Microsoft describes Surface as the re-imagining of the tablet, much as it describes Windows 8 as the re-imagining of Windows. Of course, that brings up an interesting question: What about those "other" Windows 8 tablets?
After all, Windows 8 is expected to launch this fall on an assortment of different tablets. A slew of companies including Dell, Nokia, Lenovo, Acer and Asus have already publicly committed to building Windows 8 tablets either running Windows RT or on Intel chipsets.
Part of the reason we expected to see a more media-centric tablet approach from Microsoft was because it seemed unlikely that the software behemoth would compete against its own partners.
Yet with Surface, that's exactly what the company is doing.
We can't imagine that Microsoft's hardware partners are too pleased with this news. After all, not only do the manufacturers have to compete with one another, they now have to contend with Microsoft.
Moreover, Microsoft isn't doing a standard Windows 8 tablet implementation it's creating what it dubs the "premiere" Windows 8 experience. This means top-notch hardware with carefully designed details. It means innovative accessories such as the Touch and Type Covers and the Windows Pro pen.
So what does all this mean for OEMs?
Makes the Windows 8 Tablet a Harder Sell
Truthfully, we've never seen a clear-cut incentive for Windows 8 tablets at least for hardware makers.
Last week, reports out of Asia indicated that Microsoft could be charging as much as $85 per tablet to license Windows 8 RT.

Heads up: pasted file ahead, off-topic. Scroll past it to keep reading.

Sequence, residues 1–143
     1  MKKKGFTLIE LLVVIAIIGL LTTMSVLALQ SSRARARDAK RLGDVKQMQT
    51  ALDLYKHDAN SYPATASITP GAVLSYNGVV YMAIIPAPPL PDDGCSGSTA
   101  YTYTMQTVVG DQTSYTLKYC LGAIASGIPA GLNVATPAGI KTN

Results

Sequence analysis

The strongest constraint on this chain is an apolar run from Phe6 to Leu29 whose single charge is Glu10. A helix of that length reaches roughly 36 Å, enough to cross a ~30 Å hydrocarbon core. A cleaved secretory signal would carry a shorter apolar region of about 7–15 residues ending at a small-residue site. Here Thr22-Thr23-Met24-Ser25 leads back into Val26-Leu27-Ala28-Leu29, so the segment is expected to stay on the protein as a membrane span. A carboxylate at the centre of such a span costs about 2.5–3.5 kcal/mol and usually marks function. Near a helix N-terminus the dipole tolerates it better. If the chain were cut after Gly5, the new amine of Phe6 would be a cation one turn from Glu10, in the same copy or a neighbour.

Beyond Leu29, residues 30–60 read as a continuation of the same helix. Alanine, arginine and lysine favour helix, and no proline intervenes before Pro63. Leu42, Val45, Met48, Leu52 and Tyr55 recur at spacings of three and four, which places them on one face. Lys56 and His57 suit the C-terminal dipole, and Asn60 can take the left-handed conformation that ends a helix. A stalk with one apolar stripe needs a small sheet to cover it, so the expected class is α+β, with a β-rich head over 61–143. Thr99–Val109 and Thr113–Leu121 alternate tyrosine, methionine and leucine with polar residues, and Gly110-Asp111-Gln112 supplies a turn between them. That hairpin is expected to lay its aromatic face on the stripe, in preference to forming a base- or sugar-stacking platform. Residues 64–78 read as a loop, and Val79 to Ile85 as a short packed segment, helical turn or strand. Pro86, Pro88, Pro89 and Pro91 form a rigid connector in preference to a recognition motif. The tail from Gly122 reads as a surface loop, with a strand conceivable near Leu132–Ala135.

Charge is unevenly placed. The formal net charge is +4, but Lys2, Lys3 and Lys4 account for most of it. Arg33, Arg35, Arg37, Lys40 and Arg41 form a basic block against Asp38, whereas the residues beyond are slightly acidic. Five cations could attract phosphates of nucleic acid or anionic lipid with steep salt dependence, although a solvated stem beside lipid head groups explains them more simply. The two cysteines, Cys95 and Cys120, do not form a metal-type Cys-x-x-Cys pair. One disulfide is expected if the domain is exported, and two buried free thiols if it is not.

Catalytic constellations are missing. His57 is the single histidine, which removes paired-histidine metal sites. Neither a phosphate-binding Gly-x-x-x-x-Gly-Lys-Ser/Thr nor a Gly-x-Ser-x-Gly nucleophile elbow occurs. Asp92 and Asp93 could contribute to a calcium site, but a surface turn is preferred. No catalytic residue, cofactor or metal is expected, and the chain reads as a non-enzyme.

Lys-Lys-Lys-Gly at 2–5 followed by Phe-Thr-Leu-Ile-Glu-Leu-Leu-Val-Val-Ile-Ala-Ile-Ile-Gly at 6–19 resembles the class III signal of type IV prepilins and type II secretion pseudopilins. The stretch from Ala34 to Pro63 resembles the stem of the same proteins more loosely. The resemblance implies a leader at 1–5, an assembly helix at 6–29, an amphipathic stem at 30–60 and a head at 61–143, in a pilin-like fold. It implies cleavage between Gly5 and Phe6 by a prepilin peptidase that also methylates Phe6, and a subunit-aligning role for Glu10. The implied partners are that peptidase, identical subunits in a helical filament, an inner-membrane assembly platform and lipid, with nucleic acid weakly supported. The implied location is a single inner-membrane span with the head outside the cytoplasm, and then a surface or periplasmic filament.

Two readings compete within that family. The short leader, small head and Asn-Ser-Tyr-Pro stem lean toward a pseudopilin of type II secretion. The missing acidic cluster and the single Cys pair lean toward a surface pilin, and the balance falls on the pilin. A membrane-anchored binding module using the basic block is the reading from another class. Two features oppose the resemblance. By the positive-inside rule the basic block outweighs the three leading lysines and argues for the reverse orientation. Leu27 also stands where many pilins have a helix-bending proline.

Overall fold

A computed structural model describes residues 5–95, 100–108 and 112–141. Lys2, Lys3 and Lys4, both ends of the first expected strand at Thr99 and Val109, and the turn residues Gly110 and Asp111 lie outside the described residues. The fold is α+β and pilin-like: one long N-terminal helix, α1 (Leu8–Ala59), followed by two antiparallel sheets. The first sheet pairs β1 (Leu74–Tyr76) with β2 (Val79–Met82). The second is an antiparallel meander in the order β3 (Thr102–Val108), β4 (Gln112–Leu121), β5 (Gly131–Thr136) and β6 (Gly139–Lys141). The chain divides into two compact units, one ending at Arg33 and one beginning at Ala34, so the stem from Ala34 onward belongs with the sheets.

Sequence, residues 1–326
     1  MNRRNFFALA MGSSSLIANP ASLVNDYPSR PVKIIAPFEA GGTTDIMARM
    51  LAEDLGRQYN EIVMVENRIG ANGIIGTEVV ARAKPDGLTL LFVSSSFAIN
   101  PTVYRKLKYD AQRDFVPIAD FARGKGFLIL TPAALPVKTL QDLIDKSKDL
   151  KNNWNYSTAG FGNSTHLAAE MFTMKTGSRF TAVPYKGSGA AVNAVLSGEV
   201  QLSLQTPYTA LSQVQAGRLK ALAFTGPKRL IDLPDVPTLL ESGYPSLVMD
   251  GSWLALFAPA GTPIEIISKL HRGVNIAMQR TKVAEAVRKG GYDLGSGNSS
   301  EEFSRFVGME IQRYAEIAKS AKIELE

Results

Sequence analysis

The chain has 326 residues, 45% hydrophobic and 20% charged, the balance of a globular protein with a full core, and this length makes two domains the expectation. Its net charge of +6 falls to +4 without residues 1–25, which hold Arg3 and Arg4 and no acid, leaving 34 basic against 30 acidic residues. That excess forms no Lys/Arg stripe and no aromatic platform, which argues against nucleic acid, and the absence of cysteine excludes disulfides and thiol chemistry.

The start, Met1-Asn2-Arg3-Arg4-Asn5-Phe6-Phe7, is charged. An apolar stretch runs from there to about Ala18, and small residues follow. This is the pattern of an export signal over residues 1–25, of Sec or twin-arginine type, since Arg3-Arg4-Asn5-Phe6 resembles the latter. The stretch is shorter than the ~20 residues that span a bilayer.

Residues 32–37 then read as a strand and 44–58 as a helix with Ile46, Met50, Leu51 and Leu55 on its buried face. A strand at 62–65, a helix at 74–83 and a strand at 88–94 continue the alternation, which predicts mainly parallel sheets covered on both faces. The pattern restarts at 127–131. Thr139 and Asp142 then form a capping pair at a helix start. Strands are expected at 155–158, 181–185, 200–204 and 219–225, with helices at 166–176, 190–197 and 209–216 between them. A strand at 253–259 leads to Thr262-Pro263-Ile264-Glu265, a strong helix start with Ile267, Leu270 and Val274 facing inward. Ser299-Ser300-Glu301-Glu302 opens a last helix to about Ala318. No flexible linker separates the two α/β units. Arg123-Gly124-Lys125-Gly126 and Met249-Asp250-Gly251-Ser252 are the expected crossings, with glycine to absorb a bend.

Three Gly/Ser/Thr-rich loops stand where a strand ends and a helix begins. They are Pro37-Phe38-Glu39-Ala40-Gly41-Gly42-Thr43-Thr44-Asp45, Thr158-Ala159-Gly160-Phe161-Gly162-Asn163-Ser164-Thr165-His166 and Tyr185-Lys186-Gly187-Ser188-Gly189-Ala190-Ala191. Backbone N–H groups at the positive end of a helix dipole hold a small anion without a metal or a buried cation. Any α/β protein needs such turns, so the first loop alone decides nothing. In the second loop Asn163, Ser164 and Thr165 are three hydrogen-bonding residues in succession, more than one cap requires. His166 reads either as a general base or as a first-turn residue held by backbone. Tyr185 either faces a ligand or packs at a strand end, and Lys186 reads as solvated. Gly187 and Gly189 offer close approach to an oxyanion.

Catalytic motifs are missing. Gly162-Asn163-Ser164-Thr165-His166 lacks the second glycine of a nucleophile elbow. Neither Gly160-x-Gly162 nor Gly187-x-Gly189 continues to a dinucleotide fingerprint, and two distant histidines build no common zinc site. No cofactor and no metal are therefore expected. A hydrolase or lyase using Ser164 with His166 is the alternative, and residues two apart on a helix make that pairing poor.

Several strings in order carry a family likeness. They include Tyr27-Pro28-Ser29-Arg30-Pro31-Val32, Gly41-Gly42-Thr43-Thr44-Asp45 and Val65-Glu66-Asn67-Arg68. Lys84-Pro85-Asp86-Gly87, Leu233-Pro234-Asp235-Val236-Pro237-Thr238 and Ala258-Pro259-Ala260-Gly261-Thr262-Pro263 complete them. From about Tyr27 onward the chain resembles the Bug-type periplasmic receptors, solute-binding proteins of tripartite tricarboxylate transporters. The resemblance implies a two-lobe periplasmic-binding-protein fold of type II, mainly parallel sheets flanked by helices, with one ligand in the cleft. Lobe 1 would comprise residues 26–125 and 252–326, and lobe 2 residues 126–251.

Tablet manufacturers are already struggling with margins on Android-based tablets and Google doesn't charge a licensing fee for Android. An $85 Windows 8 RT fee per unit could mean that tablet makers have to jack up the price on a similarly spec'd device or accept thinner profits margins.
Now that Microsoft will be selling its own Windows 8 hardware, the decision for OEMs becomes even more difficult. After all, is it worth investing in a low-margin product if your software partner is offering its own variant?
Even for companies that do decide to release Windows 8 tablets now that Microsoft is going to be competing, will that change the marketing strategy?
An Unclear Future
I fully expect Microsoft's biggest hardware partners to assert that Surface will have no impact on its Windows 8 hardware strategies. Still, it would be naive to think that there will be no fallout from this decision.
In the short term, the most immediate effect is that all future Windows 8 tablet announcements will immediately be compared with Surface. Inevitably, those comparisons will place all non-Surface Windows 8 tablets in a "second-tier" or "also-ran" category.
Perhaps there is room in the Windows 8 tablet ecosystem for both kinds of devices. Perhaps Microsoft's hardware partners are willing to play second fiddle to the main attraction that is Surface.
I don't know how the Windows 8 tablet OEM situation will pan out, but I am willing to make a prediction. I predict that within one year of Surface's release, Surface will be the de facto Windows 8 tablet experience. Other variations from various OEMs might exist for business or education customers, but the third-party Windows 8 tablet market will largely cease to exist.
Do you think Windows 8 OEM tablets can compete with Surface? In the comments, let us know.